A Drift of Quills is happy to announce the winners of our Fantasy eBook Giveaway!

2016 Drift of Quills Fantasy eBook Giveaway Winners

Grand Prize Winner:
Amy C.

Runners Up:
Julia M.
Jacqueline M.
Raquel E.
Alan M.

Each of the authors will contact the winners by email. Then it’s time to snuggle up with hot cocoa, Christmas goodies, and a brand new book!

Merry Christmas and Happy Reading!

~From A Drift of Quills

Robin Lythgoe, fantasy author  Patricia Reding, Fantasy Author Parker Broaddus, Fantasy Author

A Drift of Quills: Picture This (#3)

A Drift of Quills: Picture This (#3)

A Drift of Quills is bringing you their worlds—in brilliant technicolor! “Picture This” this is a recurring subject with the Quills. Why? Because it’s so darned fun! We love sharing our worlds with you, giving you a peek behind the scenes. Take a look at some of our favorites…
A Drift of Quills: Writerly thoughts by writerly folks

Disclosure of Material Connection: Some of the links in this post are “affiliate links.” This means if you click on the link and purchase the item, I will receive an affiliate commission. I am disclosing this in accordance with the Federal Trade Commission’s 16 CFR, Part 255: “Guides Concerning the Use of Endorsements and Testimonials in Advertising.”

 

A Drift of Quills: Picture This #3—We love sharing our worlds with you, giving you a peek behind the scenes. Take a look at some of our favorites…

Making up worlds is one of the best things about writing in the fantasy genre. It’s also hard work! There’s a lot of space for the fantasy author to let their imagination run wild, but we also need to tether our settings to a reality the average reader can relate to.

My short story, The High Roads, opens in the woods as night approaches…

Foggy Redwoods—the setting for "The High Roads" short story
(mage of Foggy Redwoods courtesy of mrwallpaper.com)

Shifting shadows beneath the giant greenwood trees gave the forest an eerie appearance. Dense strands of mist from the sea intensified a sense of the ethereal. Telic Ruan waited against a tree trunk, gazing up at the branches that hung some hundred feet above his head. He refused to let the capricious ghosts of the coming night intimidate him.

That picture, that description, sets up the entire story. Well, duh, right? That’s what it’s supposed to do!

Right, but the trees and the fog are symbolic! So are the ghosts. Those four sentences lay out Telic’s problem—and his problem with the problem.

He thinks his problem is the Luzzil Ones, a race of inferior but sentient creatures who live in caves.

Luzzil Caves—setting in "The High Roads" by Robin Lythgoe
(image via Stopford_lad on 28dayslater.com)

“Not slaves — useful and productive members of society. Can’t you see that’s the best thing for them? They can’t organize themselves in any practical way. They can’t even take care of their own! You’ve been to their villages — if you can call them that. They don’t even know how to build! They live in caves full of filth and disease. All we want to do is help them lead productive, healthy lives.”

He doesn’t understand the real problem…

Have you read The High Roads? How do you picture the setting? The characters? Send me your pictures!!

(If you haven’t read the story, you can get a copy for the price of joining my email list. The link is in the sidebar! It’s also available on Amazon.)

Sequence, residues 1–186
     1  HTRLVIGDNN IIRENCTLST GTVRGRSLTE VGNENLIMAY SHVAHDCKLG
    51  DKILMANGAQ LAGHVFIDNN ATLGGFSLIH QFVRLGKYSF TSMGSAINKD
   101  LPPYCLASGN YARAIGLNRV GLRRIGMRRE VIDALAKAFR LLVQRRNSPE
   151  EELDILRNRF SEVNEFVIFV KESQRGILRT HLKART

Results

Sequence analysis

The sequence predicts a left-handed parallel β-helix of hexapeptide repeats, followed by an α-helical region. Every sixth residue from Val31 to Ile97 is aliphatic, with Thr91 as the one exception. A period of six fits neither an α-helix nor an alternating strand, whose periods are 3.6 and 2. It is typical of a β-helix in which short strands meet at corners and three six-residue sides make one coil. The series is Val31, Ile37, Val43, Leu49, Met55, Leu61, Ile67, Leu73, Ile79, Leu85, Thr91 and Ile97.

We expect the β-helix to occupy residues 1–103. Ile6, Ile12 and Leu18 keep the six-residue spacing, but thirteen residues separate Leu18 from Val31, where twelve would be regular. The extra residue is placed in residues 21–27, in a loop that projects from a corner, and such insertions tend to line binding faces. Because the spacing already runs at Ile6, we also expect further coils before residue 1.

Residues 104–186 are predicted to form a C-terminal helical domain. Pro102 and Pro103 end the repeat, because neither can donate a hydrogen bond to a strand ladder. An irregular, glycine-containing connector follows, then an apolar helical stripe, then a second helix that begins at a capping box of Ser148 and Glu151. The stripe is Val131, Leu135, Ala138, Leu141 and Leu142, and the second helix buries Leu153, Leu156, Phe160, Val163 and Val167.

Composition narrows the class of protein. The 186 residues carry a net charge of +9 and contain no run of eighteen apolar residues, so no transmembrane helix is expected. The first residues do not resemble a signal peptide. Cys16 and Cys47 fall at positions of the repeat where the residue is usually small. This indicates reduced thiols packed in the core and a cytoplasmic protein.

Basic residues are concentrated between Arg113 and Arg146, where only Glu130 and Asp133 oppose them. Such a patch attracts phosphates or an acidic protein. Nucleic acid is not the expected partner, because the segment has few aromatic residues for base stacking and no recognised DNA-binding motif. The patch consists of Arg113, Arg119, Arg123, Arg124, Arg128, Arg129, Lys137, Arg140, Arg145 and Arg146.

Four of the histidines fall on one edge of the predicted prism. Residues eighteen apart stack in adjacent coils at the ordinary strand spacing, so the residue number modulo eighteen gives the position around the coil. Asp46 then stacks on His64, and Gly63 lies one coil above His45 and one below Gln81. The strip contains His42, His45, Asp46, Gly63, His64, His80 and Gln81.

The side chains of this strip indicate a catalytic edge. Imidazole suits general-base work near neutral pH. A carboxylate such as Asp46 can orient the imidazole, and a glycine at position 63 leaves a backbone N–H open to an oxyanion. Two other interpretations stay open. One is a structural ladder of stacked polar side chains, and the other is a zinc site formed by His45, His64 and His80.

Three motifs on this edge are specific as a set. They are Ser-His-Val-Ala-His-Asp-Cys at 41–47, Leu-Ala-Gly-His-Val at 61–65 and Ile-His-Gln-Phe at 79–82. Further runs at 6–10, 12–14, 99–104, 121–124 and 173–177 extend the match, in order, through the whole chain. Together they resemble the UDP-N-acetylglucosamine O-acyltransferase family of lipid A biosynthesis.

PATRICIA REDING

Patricia RedingAuthor of Oathtaker and Select
Patricia’s website

The Oathtaker Series is set in a medieval sort of time. Of course, as it is a fantasy, it does not correlate to any actual historical age in our world. Thus, as the author, I had the pleasure of making it exactly what I wanted to be. With a fantasy, the author chooses all of the details of that world in which the tale is set. So, that world is what the author says it is—nothing more, and nothing less. There are no rights or wrongs when it comes to what technology might be available, how people dress, what they eat—or even the language they use or the way they speak. (Few of us could read the languages actually spoken in our world during the medieval period anyway, so why pretend to write in a manner exactly representative of those days?) Consequently, “medieval” is not an altogether apt description of Oosa, the land of the Oathtakers and Select.

I’ve decided to share pictures of a couple of buildings from my tales…  (See what Patricia is sharing!)

P.S. BROADDUS

“P.S.Author of A Hero’s Curse (The Unseen Chronicles Book 1)
Parker’s website

Long have images stirred my imagination. I recall flipping through dusty old classics looking for illustrations. I would sit and stare at The Chronicles of Narnia, or histories on Greek myth, entranced by the sketches within.
But images do more than keep me flipping through my tattered copy of Treasure Island–pictures are what start the whole story for me. C.S. Lewis talked about the same. When discussing how he came to write the books of Narnia, he wrote that they “all began with a picture of a Faun carrying an umbrella and parcels in a snowy wood.” My own storytelling is similar. I write from images in my head. For me, it was the picture of a young blind girl standing in the desert, listening to a long-awaited storm rolling in… (What will this lead to?)

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Many authors have “setting boards” on Pinterest. Do you follow any? Which are your favorites?

Let us know in the comments below!